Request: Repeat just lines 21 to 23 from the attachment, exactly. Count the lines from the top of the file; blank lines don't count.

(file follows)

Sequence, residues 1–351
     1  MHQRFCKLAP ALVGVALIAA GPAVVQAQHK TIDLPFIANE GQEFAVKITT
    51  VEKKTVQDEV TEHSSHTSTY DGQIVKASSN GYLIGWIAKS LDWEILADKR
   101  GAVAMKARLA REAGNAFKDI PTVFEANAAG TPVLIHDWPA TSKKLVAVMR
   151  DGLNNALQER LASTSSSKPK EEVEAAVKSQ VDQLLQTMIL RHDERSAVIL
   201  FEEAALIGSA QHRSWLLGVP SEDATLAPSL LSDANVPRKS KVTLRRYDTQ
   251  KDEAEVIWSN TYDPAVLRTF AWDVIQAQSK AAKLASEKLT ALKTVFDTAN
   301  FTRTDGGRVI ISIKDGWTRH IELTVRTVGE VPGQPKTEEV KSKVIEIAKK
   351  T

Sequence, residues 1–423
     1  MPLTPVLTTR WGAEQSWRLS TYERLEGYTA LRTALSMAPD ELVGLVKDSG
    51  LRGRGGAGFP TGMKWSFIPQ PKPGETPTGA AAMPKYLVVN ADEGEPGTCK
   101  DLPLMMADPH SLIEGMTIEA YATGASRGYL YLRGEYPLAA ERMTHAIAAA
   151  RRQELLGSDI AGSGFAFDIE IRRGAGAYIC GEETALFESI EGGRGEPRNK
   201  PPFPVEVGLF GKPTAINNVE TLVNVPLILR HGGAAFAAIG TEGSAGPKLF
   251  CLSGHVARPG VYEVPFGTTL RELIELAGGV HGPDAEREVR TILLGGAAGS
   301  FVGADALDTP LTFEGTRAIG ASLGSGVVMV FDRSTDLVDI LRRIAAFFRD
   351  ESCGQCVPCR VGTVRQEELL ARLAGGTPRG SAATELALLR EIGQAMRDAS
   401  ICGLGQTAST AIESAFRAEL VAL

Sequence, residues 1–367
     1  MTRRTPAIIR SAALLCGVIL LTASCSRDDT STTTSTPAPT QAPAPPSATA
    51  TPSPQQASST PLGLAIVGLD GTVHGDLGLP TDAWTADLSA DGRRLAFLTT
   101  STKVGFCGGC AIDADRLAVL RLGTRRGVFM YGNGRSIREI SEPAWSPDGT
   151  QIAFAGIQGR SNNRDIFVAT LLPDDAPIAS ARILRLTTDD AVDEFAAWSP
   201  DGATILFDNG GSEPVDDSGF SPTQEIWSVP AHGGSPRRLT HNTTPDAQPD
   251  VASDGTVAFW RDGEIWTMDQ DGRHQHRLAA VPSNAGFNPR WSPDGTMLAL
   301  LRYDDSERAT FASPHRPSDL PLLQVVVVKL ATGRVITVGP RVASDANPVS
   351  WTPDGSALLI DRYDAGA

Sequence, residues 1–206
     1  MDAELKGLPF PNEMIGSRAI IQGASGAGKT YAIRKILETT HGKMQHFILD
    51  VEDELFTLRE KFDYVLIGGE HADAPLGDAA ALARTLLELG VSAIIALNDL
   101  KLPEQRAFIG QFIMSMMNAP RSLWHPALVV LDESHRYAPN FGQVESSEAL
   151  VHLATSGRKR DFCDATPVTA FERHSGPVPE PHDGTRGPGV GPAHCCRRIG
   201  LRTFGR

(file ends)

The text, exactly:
     1  MTRRTPAIIR SAALLCGVIL LTASCSRDDT STTTSTPAPT QAPAPPSATA
    51  TPSPQQASST PLGLAIVGLD GTVHGDLGLP TDAWTADLSA DGRRLAFLTT
   101  STKVGFCGGC AIDADRLAVL RLGTRRGVFM YGNGRSIREI SEPAWSPDGT